“Patterns” by Elsa Victoria Martinez-Coscolluela chronicles the vicious cycle of compelled marriages suffered by three generations of women of the haciendado Vasquez-Diaz household, focusing mainly on Isabel Vasquez-Diaz, who suffers what her mother Juana once suffered and sees her own daughter Isabelita going through the same suffering.
Isabel Vasquez, one of the most eligible bachelorettes among the landed gentry in the city of Tanjay, was being touted to be the wife of the most eligible bachelor, Jose Luis Diaz. But she was secretly in love with Filemon Castro, a young lawyer from a respectable Iloilo family but who nevertheless had to suffer the fact that he was an Indio, or that he had Filipino blood. Isabel’s father, Don Miguel Vasquez, did not approve of Filemon because of this but was partial to giving his daughter’s hand to Jose Luis. When Jose Luis, impetuous and arrogant as he was, demanded Isabel to marry him, Isabel drove him away, inadvertently disclosing her secret love affair with the more agreeable Filemon. Don Miguel, hearing from Jose Luis, was furious at this revelation. His wife Juana brought up the past: she too was forced upon him at the price of a love affair with an Indio. Although still determined, Miguel felt defeated to some degree, and he offered Isabel the option of going with Filemon at the risk of being disowned. Isabel, filial by nature, obeyed her father and left Filemon to marry Jose Luis. The story begins and ends with her trying to comfort her daughter Isabelita, who herself is being compelled by Don Jose Luis to marry a man she (Isabelita) does not love.
The story’s discussion of the “pattern” of compelled marriage is told against the backdrop of deep issues in contemporary Filipino culture: the sometimes oppressive relationship between parent and children especially with regards to choice in marriage; the relationship between the colonial elite and the native middle and lower classes; and the role of women in society.
Foremost in the issues the story discusses is the at times oppressive control of parents over their children. The story demonstrates how, in Filipino culture children must show deference and absolute obedience to their parents. This sees highest expression in the story with the daughters’ obedience to their fathers’ will to marry men they do not love. But to a higher extent the story also shows how children in Filipino culture ultimately owe their identity to their parents, and disobedience is almost tantamount to a violation of natural law: Isabel chooses to give up her will to be with Filemon when threatened to be disowned by her father (we can rule out fear of monetary instability, as Filemon is a lawyer and has a stable income). The Filipino then is first and foremost an offspring to her parents before she is anything. And this ultimately means parents have a say – often the final say – on the most important decisions in children’s lives. While cases of parents deciding the marriage of their children have decreased in recent years (although the practice still occurs), important decisions such as academic and career choice are still at times entirely decided on by parents. Giving up lovers may be rare these days, but many young people still have to give up their field of interest to obey their parents. As such, the “pattern” in this dimension still continues to this day.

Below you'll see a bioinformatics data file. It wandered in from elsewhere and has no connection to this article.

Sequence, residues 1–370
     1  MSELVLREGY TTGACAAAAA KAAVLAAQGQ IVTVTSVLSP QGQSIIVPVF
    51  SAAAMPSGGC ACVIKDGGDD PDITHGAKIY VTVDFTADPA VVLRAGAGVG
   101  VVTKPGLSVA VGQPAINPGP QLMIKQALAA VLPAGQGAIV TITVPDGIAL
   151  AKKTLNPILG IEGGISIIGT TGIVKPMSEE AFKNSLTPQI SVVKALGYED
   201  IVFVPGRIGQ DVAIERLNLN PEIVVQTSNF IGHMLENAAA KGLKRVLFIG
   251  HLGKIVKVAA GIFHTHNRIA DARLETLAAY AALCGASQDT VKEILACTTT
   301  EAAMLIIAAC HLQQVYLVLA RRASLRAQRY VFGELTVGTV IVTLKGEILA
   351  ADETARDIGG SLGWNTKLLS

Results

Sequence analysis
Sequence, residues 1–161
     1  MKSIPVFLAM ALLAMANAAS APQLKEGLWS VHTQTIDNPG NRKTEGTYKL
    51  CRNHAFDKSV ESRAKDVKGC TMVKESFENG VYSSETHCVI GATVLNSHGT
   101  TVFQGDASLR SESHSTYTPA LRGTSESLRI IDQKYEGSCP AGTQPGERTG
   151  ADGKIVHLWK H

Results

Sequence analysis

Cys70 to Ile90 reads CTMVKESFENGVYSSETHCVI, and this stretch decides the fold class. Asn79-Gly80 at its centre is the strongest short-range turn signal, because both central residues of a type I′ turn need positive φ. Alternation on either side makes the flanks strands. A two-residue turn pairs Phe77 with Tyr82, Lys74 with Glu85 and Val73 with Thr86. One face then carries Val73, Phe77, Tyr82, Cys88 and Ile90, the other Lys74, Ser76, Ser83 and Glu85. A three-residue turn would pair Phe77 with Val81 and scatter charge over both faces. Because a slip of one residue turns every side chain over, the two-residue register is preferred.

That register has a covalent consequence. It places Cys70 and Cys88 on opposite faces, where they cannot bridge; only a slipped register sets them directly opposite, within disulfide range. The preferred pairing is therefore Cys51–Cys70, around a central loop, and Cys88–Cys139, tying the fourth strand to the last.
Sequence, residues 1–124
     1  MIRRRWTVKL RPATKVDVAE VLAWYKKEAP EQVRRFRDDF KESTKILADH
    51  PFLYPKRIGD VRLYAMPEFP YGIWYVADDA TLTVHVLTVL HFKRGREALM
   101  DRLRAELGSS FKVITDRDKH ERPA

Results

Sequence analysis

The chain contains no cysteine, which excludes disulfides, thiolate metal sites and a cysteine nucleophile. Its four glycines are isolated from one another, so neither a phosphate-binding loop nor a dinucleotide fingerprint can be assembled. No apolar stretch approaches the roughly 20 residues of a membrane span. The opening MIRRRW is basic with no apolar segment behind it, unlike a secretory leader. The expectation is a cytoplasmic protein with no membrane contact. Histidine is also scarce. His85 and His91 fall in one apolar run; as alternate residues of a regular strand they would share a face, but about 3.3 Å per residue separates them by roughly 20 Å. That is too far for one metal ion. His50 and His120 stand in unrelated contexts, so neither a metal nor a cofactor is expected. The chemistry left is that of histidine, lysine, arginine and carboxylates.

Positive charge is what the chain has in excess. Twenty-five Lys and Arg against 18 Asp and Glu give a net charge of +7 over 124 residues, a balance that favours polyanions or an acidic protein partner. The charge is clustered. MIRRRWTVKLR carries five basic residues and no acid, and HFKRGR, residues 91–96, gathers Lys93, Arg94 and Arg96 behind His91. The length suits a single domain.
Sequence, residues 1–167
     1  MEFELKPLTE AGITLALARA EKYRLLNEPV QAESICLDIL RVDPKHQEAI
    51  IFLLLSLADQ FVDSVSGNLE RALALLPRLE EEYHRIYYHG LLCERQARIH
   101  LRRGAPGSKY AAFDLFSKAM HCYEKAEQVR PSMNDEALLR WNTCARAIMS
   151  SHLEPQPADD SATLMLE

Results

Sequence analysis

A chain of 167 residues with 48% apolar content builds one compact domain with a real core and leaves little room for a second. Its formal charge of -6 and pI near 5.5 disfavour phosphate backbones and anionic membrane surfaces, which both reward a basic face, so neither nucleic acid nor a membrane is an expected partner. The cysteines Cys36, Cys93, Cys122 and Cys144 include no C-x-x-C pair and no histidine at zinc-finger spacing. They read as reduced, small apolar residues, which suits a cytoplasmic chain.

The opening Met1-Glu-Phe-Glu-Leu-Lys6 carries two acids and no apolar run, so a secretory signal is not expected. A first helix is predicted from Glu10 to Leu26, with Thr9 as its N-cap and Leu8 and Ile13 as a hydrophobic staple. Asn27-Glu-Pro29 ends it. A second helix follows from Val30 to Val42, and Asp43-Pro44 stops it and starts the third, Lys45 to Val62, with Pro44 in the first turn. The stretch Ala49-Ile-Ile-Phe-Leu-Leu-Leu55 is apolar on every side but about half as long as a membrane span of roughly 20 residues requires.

The story is also told in the context of Colonial and socially stratified Philippines. Filemon is derogatorily labeled as an Indio, a Filipino of native blood. This discrimination against the natives is the more negative manifestation of Colonial mentality, a mentality which, while matrimonial restrictions are now almost inexistent, still pervade in the Filipino chagrin for dark skin (the distinction of being native). This endo-racism (for that is what it is, discrimination against someone of the same race) occurs vis-à-vis a highly stratified society. The pre-colonial stratification of the ruling, middle and enslaved classes was retained to some extent by the coming of the Spanish, who granted land to their favorites and to themselves. The stratification was such that even with the introduction of democracy Filipino society remains dominated by the landed elite. Don Miguel is the typical condescending haciendero, and his interaction with the servants and obreros reveals a bit into how the upper classes dealt with lower ones. The element of race complicates this as social standing may be in fact independent from race but the two are perceived to be interrelated. Filemon comes from a family of good social standing, but his being an Indio makes it difficult for Don Miguel to accept him. While the “pattern” of classist-racism seems to have been ended with Isabelita, it is safe to assume that an underlying aversion led to Jose Luis forcing her daughter to marry someone against her will (perhaps the fear that she may end up marrying an Indio as well?). In any case, the “pattern” in this dimension continues to this day as well.
Then, the story is told in a context where women are subordinate to men. Juana surrenders not only to the will of her father, but to her husband’s as well, and she is rendered powerless at Don Miguel’s repetition of paternal oppression. The same happens to Isabel when Jose Luis forces Isabelita to marry. The women have tobe resigned to their fates, it is their fathers and husbands who decide for them. The very problem in the story is to some extent founded on the powerlessness of the women. The story can be said to be a primarily feminist story, as it tells the plight of women in the face of a masculine dominated society. The “pattern” is the continued robbing of will from women.
And yet, in spite of these different contexts, the story has a singular subject matter, expressed in its title. The repeated “pattern” of daughters controlled by their fathers and powerless before their husbands is central to the whole story. The focus on Isabel’s experience with this “pattern” reveals all its painful details, as we see how the “pattern” tears her away from the man she loves.